Alterations in neural Theory of Mind processing in euthymic patients with bipolar disorder and unaffected relatives
2015
Authors: Willert A, Mohnke S, Erk S, Schnell K, Romanczuk-Seiferth N, Quinlivan E, Schreiter S, Spengler S, Herold D, Wackerhagen C, Romund L, Garbusow M, Lett T, Stamm T, Adli M, Heinz A, Bermpohl F, Walter H
CellNetworks People: Schnell Knut
Journal: Bipolar Disord. 2015 Dec;17(8):880-91. doi: 10.1111/bdi.12352.

OBJECTIVES:

Behavioral deficits in the Theory of Mind (ToM) have been robustly demonstrated in bipolar disorder. These deficits may represent an intermediate phenotype of the disease. The aim of this study was: (i) to investigate alterations in neural ToM processing in euthymic patients with bipolar disorder, and (ii) to examine whether similar effects are present in unaffected relatives of patients with bipolar disorder suggesting that ToM functional activation may be, in part, due to genetic risk for the disease.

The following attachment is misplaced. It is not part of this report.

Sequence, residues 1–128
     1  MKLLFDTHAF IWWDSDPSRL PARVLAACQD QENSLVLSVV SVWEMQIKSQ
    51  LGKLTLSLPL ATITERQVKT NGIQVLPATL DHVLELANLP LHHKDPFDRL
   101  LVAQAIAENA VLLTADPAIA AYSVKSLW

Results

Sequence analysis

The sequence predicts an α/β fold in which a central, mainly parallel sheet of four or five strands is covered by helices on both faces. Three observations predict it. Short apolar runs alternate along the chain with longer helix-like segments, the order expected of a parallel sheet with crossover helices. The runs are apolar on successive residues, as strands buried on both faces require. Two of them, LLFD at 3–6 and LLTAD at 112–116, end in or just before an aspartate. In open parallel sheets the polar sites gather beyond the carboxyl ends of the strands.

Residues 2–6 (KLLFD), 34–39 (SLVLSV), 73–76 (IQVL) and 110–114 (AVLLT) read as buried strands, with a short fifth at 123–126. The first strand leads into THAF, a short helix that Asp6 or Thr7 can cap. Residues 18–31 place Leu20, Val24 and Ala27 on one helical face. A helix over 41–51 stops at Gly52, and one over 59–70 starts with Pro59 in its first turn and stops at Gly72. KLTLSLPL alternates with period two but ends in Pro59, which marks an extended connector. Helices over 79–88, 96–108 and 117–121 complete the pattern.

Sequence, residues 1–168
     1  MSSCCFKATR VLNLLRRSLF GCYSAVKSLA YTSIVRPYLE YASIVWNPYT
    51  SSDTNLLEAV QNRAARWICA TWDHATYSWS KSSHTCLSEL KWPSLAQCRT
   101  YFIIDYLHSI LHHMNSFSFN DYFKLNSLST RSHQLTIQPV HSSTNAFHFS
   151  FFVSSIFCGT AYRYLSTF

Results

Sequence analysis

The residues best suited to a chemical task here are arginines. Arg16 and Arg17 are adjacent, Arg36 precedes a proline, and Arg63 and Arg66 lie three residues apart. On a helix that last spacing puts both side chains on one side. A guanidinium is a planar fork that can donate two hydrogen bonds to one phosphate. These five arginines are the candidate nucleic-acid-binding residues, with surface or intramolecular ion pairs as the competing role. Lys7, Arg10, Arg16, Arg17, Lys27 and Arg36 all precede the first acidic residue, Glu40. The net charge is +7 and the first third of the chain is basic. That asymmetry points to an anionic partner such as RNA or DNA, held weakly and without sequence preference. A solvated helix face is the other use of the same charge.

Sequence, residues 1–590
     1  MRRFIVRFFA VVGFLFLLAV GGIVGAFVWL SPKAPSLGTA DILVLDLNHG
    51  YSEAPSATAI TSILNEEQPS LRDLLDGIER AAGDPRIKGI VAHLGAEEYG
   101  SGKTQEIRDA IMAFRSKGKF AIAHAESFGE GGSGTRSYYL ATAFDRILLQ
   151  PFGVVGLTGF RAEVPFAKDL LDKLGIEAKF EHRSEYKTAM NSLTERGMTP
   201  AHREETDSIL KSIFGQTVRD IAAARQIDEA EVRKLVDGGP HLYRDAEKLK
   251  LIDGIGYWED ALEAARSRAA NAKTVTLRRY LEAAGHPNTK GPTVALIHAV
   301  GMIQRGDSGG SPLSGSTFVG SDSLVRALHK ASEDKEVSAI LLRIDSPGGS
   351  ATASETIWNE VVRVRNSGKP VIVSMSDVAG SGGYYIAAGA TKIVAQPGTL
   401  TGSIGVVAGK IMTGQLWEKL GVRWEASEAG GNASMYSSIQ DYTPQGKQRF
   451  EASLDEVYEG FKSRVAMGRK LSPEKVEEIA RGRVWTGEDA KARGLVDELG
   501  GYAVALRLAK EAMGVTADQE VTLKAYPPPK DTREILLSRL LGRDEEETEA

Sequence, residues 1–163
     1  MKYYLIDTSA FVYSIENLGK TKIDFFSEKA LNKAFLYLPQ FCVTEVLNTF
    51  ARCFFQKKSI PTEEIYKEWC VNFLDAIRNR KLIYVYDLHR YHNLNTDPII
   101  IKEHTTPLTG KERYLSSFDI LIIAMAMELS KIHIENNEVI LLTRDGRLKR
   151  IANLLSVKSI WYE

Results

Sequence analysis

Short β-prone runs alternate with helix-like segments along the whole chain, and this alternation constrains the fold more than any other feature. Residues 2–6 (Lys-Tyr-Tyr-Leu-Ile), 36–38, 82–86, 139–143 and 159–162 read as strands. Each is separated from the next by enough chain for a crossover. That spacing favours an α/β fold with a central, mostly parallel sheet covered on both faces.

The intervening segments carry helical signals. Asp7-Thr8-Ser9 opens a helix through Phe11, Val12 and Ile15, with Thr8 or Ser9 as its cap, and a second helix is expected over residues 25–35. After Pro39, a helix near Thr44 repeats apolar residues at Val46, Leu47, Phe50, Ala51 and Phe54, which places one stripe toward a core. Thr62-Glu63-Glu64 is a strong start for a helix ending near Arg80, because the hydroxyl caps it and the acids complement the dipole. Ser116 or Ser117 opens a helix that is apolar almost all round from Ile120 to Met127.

METHODS:

A total of 24 euthymic patients with bipolar disorder, 21 unaffected first-degree relatives, and 81 healthy controls completed a ToM task while undergoing functional magnetic resonance imaging.
RESULTS:

We observed reduced bilateral activation of the temporoparietal junction (TPJ) and diminished functional fronto-temporoparietal connectivity in patients compared to controls. Relatives tended towards intermediate temporoparietal activity and functional coupling with medial prefrontal areas. There was also evidence for a potentially compensatory enhanced recruitment of the right middle temporal gyrus and stronger connectivity between this region and the medial prefrontal cortex in relatives.
CONCLUSIONS:

These findings provide further evidence of altered neural ToM processing in euthymic patients with bipolar disorder. Further, our findings in relatives lend support to the idea that altered ToM processing may act as an intermediate phenotype of the disorder.